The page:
Wally Adeyemo, deputy U.S. Treasury secretary, speaks during a news conference at the Department of Justice in Washington, D.C., U.S., on Monday, Nov. 8, 2021.

Ting Shen | Bloomberg | Getty Images

The Biden administration on Thursday imposed sanctions on four individuals accused of working at the direction of the Russian government to destabilize Ukraine.

The sanctions come as world leaders brace for a possible Russian invasion of Ukraine and work with allies to deter the Kremlin from launching an attack.

But the Treasury Department said the new penalties are “separate and distinct” from a range of “high impact” economic and financial sanctions that the U.S. is threatening to impose on Russia if it further invades Ukraine.

At a press conference a day earlier, President Joe Biden said he expected President Vladimir Putin would invade Ukraine, while vowing that such a move would be “a disaster” for Russia.

Thursday’s sanctions target two “pawns” of Russian intelligence in Ukraine and two ex-Ukrainian officials backing Russia, the Treasury said in a press release.

“The United States is taking action to expose and counter Russia’s dangerous and threatening campaign of influence and disinformation in Ukraine,” said Deputy Treasury Secretary Wally Adeyemo in the release. “We are committed to taking steps to hold Russia accountable for their destabilizing actions.”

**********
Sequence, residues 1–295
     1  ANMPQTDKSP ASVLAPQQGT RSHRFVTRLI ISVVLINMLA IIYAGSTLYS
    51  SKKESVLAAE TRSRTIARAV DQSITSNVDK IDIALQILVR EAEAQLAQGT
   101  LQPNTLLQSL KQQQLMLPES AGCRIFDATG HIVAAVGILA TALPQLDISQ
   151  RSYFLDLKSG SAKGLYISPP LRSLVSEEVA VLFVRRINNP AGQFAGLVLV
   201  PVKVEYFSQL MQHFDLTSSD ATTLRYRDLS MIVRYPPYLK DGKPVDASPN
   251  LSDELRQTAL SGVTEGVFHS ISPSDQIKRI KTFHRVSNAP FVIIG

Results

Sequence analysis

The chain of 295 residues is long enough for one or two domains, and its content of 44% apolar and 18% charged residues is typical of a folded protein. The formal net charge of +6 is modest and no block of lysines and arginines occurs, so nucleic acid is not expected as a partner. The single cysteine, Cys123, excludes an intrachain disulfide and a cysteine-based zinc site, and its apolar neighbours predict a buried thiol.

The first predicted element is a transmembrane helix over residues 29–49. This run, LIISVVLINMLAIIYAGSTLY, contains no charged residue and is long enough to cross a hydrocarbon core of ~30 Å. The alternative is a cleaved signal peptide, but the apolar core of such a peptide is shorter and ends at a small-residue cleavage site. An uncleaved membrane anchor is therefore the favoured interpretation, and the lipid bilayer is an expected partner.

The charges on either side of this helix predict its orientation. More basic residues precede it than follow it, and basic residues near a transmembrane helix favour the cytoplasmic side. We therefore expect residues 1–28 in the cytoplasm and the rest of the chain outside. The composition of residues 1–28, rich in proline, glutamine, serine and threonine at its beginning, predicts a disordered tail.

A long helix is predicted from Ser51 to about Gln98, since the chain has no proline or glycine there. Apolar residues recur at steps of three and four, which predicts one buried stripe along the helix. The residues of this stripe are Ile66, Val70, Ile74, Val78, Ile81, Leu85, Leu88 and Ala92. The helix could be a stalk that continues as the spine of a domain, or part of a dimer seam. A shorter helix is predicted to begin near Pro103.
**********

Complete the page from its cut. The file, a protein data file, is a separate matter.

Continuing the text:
The Treasury accused the Kremlin of enacting in 2020 a “comprehensive” influence operation to co-opt its sympathizers in Ukraine while undermining prominent Ukrainians viewed as obstacles to a Russian takeover of its government.

The agency noted that Russia has used disinformation tactics for over a decade in other nations, including the U.S. since at least 2016.

The new sanctions were imposed on Taras Kozak, Oleh Voloshyn, Volodymyr Oliynyk and Vladimir Sivkovich.

Kozak and Voloshyn, two current Ukrainian Members of Parliament, are “at the heart” of Kremlin efforts to recruit government officials in order to take over Ukraine and control it with an occupying force, the Treasury said.

Kozak is designated for his involvement in interference efforts in foreign government elections on Russia’s behalf. He is accused of undermining Ukrainian leaders and amplifying false narratives about the 2020 U.S. elections.

Voloshyn is sanctioned for working for Russia. Treasury accused him of working with Konstantin Kilimnik, an accused Russian agent who worked with former Trump campaign chairman Paul Manafort, to share information to influence the U.S. election.

Oliynik and Sivkovich are former Ukrainian officials. Oliynyk, who lives in Moscow, worked at the direction of the Russia’s FSB intelligence wing to gather information about Ukraine’s infrastructure, Treasury said.

Sivkovich “worked with a network of Russian intelligence actors to carry out influence operations” supporting Russia’s goals, Treasury alleged.

Both are sanctioned for working for Russia.



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